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Old 09-16-2009, 07:40 PM
 
Location: Conejo Valley, CA
12,476 posts, read 16,969,159 times
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Quote:
Originally Posted by London Girl View Post
Conversely, many of the "frugal' people I know are FAR from broke. My in-laws for example have always been frugal - as a result they now have a high degree of financial stability and are also in a position where if they decide to take a vacation to Europe or Australia they can do so without needing to borrow any money to facilitate their trip.....
There are frugal people with plenty of money, but from my observation frugality usually correlates with being broke. Not always, but usually. Regardless, comparing personal experiences with "frugal" people is not all that fruitful.

Having the money to take a vacation is not exactly saying much though.

Quote:
Originally Posted by London Girl View Post
However, those experiences are incredibly pertinent to that person's approach to frugality
Like I said, your experiences certainly shape you...but that speaks nothing about how rational it is to base your views on your past experience. I still have one living grandparent and she does some odd stuff that is undoubtedly based on her growing up during the depression, but a lot of is pretty irrational in today's environment.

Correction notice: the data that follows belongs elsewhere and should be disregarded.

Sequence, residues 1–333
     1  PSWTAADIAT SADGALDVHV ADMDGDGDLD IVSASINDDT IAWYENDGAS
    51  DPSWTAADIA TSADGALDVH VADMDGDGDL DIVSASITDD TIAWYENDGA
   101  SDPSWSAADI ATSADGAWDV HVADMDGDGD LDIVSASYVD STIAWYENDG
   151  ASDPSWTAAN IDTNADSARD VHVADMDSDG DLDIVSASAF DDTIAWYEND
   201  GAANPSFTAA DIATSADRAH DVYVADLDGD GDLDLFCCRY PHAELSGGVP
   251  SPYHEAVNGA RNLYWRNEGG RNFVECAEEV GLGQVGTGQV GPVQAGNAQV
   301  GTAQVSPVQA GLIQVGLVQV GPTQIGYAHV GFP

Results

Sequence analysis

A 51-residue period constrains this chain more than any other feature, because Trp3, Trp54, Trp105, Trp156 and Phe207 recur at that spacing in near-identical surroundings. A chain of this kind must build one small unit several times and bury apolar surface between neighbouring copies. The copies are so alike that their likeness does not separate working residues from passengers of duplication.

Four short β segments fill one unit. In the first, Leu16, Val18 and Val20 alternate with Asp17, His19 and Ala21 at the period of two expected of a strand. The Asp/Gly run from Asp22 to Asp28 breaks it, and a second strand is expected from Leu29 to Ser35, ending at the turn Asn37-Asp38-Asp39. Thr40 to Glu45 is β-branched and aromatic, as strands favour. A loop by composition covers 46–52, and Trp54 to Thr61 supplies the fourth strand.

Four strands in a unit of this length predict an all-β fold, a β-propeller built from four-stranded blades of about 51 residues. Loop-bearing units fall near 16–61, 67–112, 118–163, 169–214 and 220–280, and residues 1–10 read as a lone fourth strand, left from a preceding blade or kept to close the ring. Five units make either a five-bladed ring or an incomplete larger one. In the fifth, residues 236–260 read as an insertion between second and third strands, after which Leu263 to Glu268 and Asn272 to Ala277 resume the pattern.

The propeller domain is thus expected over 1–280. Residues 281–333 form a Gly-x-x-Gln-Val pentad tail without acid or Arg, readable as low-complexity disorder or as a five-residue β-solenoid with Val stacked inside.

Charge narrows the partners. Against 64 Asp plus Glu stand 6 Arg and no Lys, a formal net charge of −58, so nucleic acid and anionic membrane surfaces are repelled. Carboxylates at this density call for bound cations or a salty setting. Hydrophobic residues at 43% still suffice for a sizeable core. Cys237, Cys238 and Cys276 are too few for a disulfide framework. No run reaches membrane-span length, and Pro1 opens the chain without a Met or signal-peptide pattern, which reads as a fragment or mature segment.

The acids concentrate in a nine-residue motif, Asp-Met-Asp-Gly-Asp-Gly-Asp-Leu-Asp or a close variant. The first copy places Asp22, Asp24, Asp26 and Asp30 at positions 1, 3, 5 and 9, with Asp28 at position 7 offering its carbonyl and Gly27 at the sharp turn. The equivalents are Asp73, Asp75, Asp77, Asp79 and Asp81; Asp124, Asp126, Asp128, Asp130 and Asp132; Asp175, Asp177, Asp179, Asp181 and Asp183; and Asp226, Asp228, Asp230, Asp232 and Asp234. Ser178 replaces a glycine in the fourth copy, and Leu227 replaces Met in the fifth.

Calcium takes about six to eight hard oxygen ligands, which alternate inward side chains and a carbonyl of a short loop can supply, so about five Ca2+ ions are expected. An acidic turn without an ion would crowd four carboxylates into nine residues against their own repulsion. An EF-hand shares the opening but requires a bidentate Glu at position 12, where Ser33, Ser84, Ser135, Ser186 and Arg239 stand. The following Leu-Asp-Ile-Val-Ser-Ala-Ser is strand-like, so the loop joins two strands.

Quote:
Originally Posted by London Girl View Post
the actual % increase from 1950 (14.5%) to 2009 (17.5%) is actually a 20.6% rise - which I think is pretty high, (although understandable given the increased availability of credit).
Its not that high considering there were not even credit cards in 1950, also consumer credit changes depending on the economic environment 17.5% is not that much higher than the historic average.


Quote:
Originally Posted by London Girl View Post
Now if you are assuming that all frugal people religiously pump money into their retirement accounts then sure, they may have lost money "on paper".
Yes, the good old "its only paper loses" argument, but this misses the point. If they had paid better attention to the markets, they could have avoided the losses while still receiving the majority of the gains after the markets recovered. The amount of money we are talking about here is pretty huge, more than a lifetime of pinching pennies.


Quote:
Originally Posted by London Girl View Post
If you would encourage others, why would you not do it yourself?
Because I receive no tangible benefit from my personal contribution.
Quote:
Originally Posted by London Girl View Post
Maybe you don't drink beer. If you did, wouldn't you spare some couch time once a month to dump them off and collect the deposit? Or would you prefer to just throw them in the trash? Collectively we will all pay the price for pollution and waste. Fortunately not all individuals share your selfish and lazy approach to the environment.
I recycle my cans, but only because California charges 5 cents a can which you get back at a recycle center. The place where I shop down the street recycles them and I can just dupe them in a tub and get them weighted so it ends up not taking too much time. But when I lived in Pennsylvania I did not bother, there were only costs and no benefits.

Yes, fortunately some people are willing to spend their time recycling, etc for ideological reasons. Like I said I encourage it = )